"You didn't tell me because you know I wouldn't fucking listen." He said, lowly, resignedly, swallowing hard because he wouldn't break down, he wouldn't, he wouldn't. And then Iceman was in the mirror, looking at Maverick's trembling reflection, the same as Maverick was. He turned around quickly "What do you want?"

Maverick's sworn rival said nothing, but his face showed no sign of triumph, or gloating, as it often did when he gloated at, or teased Maverick. His face barely showed anything, but if Maverick had been looking, he would have seen guilt and regret tugging at Iceman too. "Sorry about Goose, man," Ice said. "I's pretty fucking bad..." he trailed off, knowing how pointless and clich├ęd his words were. Maverick turned back to the mirror, looking at the picture and down at the dog tags in his hand.

The tears were in his eyes now. He couldn't let go now. Not in front of Iceman, not in front of Iceman, not in front of Iceman.

Not in front of Iceman - who had his chest pressed against Maverick's back, and his arms around Maverick's chest, fiercely tight. "You think I don't blame myself too?" the blonde said, resting his chin against Maverick's shoulder. "You fight against it so hard..." he said, loosening his grip and turning Maverick to face him. The hazel eyes bored into Maverick's green ones. "You fight so hard, baby...can't you let go?"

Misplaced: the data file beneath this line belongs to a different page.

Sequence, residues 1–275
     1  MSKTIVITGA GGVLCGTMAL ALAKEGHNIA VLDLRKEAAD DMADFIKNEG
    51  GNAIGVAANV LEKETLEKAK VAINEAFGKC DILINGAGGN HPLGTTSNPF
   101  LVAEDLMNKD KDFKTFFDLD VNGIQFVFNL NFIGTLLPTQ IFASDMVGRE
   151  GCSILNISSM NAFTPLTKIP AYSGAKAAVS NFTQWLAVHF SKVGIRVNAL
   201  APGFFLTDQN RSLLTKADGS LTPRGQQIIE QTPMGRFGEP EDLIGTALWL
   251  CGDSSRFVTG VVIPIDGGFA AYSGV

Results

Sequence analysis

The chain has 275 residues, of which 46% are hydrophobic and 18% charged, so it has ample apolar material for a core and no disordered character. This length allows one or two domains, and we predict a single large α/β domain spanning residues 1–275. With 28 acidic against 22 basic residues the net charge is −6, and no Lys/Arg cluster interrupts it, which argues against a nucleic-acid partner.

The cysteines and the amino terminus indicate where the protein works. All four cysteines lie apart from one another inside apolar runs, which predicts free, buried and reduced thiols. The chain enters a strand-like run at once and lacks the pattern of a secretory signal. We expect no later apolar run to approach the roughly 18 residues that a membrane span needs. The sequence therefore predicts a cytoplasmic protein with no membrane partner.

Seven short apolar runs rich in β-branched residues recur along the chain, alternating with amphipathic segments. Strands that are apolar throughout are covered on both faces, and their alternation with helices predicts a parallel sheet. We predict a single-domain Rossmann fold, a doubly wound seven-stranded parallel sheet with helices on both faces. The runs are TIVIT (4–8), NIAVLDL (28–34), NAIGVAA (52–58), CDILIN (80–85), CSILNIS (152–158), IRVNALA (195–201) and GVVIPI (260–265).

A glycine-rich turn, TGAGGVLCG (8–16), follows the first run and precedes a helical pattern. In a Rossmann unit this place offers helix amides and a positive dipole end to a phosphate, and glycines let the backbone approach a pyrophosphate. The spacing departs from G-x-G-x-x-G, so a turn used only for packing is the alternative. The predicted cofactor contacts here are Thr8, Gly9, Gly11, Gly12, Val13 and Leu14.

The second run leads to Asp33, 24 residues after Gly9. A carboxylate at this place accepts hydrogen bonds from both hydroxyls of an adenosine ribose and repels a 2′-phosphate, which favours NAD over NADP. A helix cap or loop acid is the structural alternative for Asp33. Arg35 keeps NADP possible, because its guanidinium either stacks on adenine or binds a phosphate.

Why did Iceman have to understand? Why did Iceman have to say things like that to him? Why did it have to make sense?! Something inside Maverick broke completely, and he didn't want to face all his other feelings. He punched Iceman square in the face, laying into him, until his anger ran out, and his grief got the better of him. And there was Pete Mitchell, crying against Tom Kazansky's shoulder, with steady arms around him, stopping him drifting away0.

"He was all I fucking had, Ice...and now he's gone, and I blame myself, and I blame you, and I blame the fucking world, and whoever I try to blame it doesn't matter because he's still gone, and it still hurts." Maverick blurted out, quickly. Iceman let him vent, just giving him what he knew he needed. This was what Maverick needed. More than a hand on his shoulder, and offers of sympathy. He needed what he was getting; actual human contact. Iceman knew it, because he'd been studying Maverick, his own feelings torn up, knowing only that he felt pain for his fellow pilot. Pain and longing.

Maverick was trembling now, though his voice was fairly level. "I'm sorry I went for you, Tom," he whispered. Using real first names was considered quite intimate. "I'm sorry I've been useless. Why the hell do you have to fucking understand me?"

"Because I want to. I want to understand you." Iceman did not let go of Maverick, who slid his arms across Iceman's back, before breathing on his neck in the most maddening of ways. Iceman waited, barely breathing himself. Maverick's lips were not quite touching Iceman's skin, and it was torture. Maverick looked into Hazel eyes with his red rimmed ones, lips even closer now. "Thank you," he whispered, moving his head the tiniest fraction so he was finally meeting Iceman in a kiss. Iceman played with the zip down the front of Maverick's flight suit.

And Maverick began to think that maybe he wasn't as alone as he thought.